I am reading a book on an investment strategy proposed by Harry Browne (1999, Fail-Safe Investing: Lifelong Financial Security in 30 minutes, pp. 39–40) known as the "permanent portfolio". He makes the following assumption/statement regarding an economy when he presents his reasoning:

Your portfolio needs to respond well only to those broad movements. And they fit into four general categories:

  1. Prosperity: A period during which living standards are rising, the economy is growing, business is thriving, interest rates usually are falling, and unemployment is declining.

  2. Inflation: A period when consumer prices generally are rising. They might be rising moderately (an inflation rate of 6% or so), rapidly (10% to 20% or so, as in the late 1970s), or at a runaway rate (25% or more).

  3. Tight money or recession: A period during which the growth of the supply of money in circulation slows down. This leaves people with less cash than they expected to have, which usually causes a recession — a period of poor economic conditions.

  4. Deflation: The opposite of inflation. Consumer prices decline and the purchasing power of money grows. In the past, deflation has usually triggered a depression — a prolonged period of very bad economic conditions, as in the 1930s.

Investment prices can be affected by what happens outside the financial system — wars, changes in government policies, new tax rules, civil turmoil, and other matters. But these events have a lasting effect on investments only if they push the economy from one to another of the four environments I've just described.

To what extent is this assumptions "true" or vaild? Are these all the relevant and/or existing states of an economy and are the suggested asset types(stocks,long/short bond and gold) really balancing this in a nice way,theoretically?

Does it have any apparent theoretical drawbacks restriction attention to these four?

I also posted this on the Economics Stack but without luck. I am aware that everyone has to evaluate info using their own logic, hence don't worry about that!

closed as primarily opinion-based by Pete B., Rupert Morrish, Dheer, JoeTaxpayer Jan 25 at 9:37

Many good questions generate some degree of opinion based on expert experience, but answers to this question will tend to be almost entirely based on opinions, rather than facts, references, or specific expertise. If this question can be reworded to fit the rules in the help center, please edit the question.

  • My two cents is that while true, broad stroke macro statements like these are great for academia but not that realistic for everyday investing. It's just not practical to believe that one is going to be able to identify these trends in a timely fashion and adjust one's holdings to continuously benefit from that analysis. – Bob Baerker Jan 24 at 13:12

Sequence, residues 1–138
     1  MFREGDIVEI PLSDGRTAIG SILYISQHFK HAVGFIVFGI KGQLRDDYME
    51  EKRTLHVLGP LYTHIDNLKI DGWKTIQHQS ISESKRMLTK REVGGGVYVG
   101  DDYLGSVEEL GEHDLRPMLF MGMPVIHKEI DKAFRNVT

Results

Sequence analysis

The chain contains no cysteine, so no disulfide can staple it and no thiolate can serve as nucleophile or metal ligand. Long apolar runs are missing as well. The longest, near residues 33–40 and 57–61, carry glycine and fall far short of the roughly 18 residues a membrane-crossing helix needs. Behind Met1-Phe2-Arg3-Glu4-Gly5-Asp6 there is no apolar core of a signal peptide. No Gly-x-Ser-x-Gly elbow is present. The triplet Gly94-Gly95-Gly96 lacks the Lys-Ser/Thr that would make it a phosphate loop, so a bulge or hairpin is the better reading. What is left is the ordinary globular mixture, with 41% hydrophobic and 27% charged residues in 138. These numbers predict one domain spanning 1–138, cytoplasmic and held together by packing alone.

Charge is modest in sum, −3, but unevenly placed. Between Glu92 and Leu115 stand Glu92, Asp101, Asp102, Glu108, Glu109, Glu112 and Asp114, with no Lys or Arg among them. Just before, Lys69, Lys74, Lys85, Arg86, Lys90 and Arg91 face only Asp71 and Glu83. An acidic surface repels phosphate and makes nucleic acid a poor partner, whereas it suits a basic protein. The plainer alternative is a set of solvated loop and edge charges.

• 1
    @BobBaerker the idea is to diversify given these states/phenomena and then fix the weights over the chosen intruments permanently and only do yearly rebalacing. Also I am just tying to verify that the theoretical basics in marco really supports the reasoning he is presenting. Naturally theory will only be theory, but it is still good to have a basis. – user1 Jan 24 at 13:25
  • @BobBaerker hence there are no other rather basic and similar concepts that one would learn in a say masters course in macro? that trivially/obviously will have significant impact on a savings startegy that includes the basic instruments(stocks,bond and gold) – user1 Jan 24 at 13:27
  • 1
    @Bob: re "chosen instruments"... Harry Browne's guidance on assets for each "climate" was 1: Equities, 2: Precious Metals, 3: Short dated bonds or cash, 4: Long dated bonds. There's a nice analysis of how a 4x25% portfolio has performed here: portfoliocharts.com/portfolio/permanent-portfolio – timday Jan 24 at 14:40
  • 2
    Another approach that formalizes the idea of a portfolio being robust to different economic environments is Risk Parity, specifically Bridgewater’s All Weather Portfolio formulation. – Camilo Avella Jan 24 at 16:16

Re "Are these all the relevant and/or existing states of an economy?":

According to this interesting 2015 seekingalpha article "The Permanent Portfolio Is Dead", the PP would not be expected to do well in conditions of "secular stagnation". Since secular stagnation is pretty much defined by an absence of any of the 4 economic conditions in the Harry Browne list, this isn't really surprising.

Re "are the suggested asset types(stocks,long/short bond and gold) really balancing this in a nice way?":

That seekingalpha piece also has some analysis of why the PP has worked in the past (hint: gold), and the performance analysis at PortfolioCharts also demonstrates that it does have some nice properties (or at least it has in the past) compared with other approaches (however also note that the "Golden Butterfly" variant is arguably even better).

  • "Economic contraction and expansion relate to the overall output of all goods and services, while the terms inflation and deflation refer to increasing and decreasing prices of commodities, goods and services in relation to the value of money." is written on en.wikipedia.org/wiki/Economic_expansion. Which I assume is what Harry Browne is refering to aswell above. It seams that these are considered the main movements of an economy, can you think of other phenomena besides these four? secular stagnation looks like somthing that is defined in terms of these.I.e are there any addiational.. – user1 Jan 26 at 7:10
  • ..not depending on the four by definition? – user1 Jan 26 at 7:11

Not the answer you're looking for? Browse other questions tagged or ask your own question.